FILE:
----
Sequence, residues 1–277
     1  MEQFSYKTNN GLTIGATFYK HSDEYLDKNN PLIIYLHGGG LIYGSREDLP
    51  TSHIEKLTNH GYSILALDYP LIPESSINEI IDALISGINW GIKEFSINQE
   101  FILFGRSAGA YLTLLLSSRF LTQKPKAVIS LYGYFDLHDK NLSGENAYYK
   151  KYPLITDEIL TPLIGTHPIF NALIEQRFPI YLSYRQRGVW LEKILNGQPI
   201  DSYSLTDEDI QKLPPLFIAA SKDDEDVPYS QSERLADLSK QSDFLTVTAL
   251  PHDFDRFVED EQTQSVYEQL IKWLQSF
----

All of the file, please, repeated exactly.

Sequence, residues 1–277
     1  MEQFSYKTNN GLTIGATFYK HSDEYLDKNN PLIIYLHGGG LIYGSREDLP
    51  TSHIEKLTNH GYSILALDYP LIPESSINEI IDALISGINW GIKEFSINQE
   101  FILFGRSAGA YLTLLLSSRF LTQKPKAVIS LYGYFDLHDK NLSGENAYYK
   151  KYPLITDEIL TPLIGTHPIF NALIEQRFPI YLSYRQRGVW LEKILNGQPI
   201  DSYSLTDEDI QKLPPLFIAA SKDDEDVPYS QSERLADLSK QSDFLTVTAL
   251  PHDFDRFVED EQTQSVYEQL IKWLQSF